4. If you don’t stop that crying, I’ll give you something to cry about. (The tone of voice with this one verged on desperation. When we cried and whined for something she couldn’t give us, it must have been very frustrating for her. The threat of a quick swat on the rear did indeed take our mind off the unattainable desire.)
  5. Now, you kids, BEHAVE. (Words we heard before visiting the grandparents or going into a quiet place like a church or library.)
Don't we look like little angels? Who knows how much effort it took for her to get us all dressed in our Easter Sunday finery.

Don’t we look like little angels? Who knows how much effort it took for her to get us all dressed in our Easter Sunday finery.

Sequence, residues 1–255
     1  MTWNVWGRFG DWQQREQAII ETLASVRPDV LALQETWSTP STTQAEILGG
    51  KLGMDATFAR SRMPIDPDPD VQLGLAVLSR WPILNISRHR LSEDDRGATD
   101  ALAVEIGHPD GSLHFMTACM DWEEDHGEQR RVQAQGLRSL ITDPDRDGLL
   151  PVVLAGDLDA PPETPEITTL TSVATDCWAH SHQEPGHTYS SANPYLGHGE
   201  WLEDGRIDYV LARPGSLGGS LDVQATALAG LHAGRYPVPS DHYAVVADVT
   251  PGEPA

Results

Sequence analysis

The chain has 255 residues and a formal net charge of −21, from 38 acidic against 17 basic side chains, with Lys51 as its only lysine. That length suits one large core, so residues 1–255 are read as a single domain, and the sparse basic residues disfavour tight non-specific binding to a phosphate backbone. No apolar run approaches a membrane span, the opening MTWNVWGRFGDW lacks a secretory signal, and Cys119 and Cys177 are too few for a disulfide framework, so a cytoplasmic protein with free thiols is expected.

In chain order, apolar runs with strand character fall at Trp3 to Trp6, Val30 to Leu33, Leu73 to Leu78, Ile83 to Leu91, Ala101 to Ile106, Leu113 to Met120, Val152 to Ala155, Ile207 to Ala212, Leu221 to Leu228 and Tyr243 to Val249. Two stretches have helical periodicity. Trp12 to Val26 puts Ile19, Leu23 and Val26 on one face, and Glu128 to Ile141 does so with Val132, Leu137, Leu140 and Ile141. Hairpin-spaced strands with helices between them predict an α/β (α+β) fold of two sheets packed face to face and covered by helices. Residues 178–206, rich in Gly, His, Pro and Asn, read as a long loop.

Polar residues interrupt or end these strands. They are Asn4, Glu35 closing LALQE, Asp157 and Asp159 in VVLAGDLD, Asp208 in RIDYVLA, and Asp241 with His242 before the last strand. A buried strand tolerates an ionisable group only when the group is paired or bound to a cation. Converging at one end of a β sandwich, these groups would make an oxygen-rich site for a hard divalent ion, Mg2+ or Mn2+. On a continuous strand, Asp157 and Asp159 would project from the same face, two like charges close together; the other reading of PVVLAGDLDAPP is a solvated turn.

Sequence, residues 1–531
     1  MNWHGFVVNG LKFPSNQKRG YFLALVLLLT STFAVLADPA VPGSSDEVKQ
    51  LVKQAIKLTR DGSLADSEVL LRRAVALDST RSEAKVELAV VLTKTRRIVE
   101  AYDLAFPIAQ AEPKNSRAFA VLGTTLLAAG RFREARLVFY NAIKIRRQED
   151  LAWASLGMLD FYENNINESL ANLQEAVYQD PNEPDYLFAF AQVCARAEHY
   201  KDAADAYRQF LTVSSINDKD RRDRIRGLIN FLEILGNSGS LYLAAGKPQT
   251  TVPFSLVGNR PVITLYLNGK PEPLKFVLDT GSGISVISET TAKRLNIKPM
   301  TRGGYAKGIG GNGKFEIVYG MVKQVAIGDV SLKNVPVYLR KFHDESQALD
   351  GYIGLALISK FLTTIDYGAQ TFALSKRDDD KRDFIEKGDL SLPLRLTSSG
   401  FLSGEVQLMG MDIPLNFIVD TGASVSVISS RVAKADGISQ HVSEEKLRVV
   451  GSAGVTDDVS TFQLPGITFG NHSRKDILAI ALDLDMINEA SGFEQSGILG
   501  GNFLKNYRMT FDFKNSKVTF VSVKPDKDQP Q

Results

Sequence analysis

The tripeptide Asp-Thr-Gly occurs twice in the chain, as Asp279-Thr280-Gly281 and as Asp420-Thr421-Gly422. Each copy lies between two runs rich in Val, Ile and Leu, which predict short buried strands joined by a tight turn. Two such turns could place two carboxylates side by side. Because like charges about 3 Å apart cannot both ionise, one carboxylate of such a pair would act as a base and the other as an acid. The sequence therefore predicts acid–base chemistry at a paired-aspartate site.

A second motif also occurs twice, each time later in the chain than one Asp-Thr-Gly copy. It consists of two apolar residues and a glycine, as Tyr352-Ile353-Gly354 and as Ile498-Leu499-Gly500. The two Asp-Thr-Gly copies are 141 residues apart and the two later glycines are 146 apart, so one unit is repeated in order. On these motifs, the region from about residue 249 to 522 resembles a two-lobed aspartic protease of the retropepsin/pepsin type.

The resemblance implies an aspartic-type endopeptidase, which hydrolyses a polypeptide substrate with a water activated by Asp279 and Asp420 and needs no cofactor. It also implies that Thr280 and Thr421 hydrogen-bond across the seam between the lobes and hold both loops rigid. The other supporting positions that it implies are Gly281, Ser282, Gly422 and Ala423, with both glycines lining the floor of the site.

If you’d like to see more, check out this page of sayings called Momisms.

Writing More with Another Challenge

It seems I get haphazard in my postings when I don’t have a challenge goading me on. Luckily I stumbled on one called Blog Every Day in May. It even offers prompts to inspire you.

The theme for today is “Share a book that you’d like to read, but haven’t yet. What draws you to it?

I have one that’s calling to me. It’s from my mother’s bookshelf of Kansas authors. The title is They Named Me Ethel and the author is Ethel Adams June. The memoir tells of a 1920s childhood growing up on a farm southeast of Wichita, Kansas, near Mulvane.

Ethel was born in 1914, so a decade before my mom. I’m looking forward to seeing to sharing her approach to her memories and comparing her style to Mom’s. I already peeked into one chapter and see that she wrote about having a pet rooster. That reminds me of Grandma’s pet hen in one of Mom’s stories, The Day the Mad Dog Came.”

Mom and Dad always had more books than would fit on the bookshelves. There were stacks of books on side tables and on the floor next to the television.

Mom and Dad always had more books than would fit on the bookshelves. There were stacks of books on side tables and on the floor next to the television.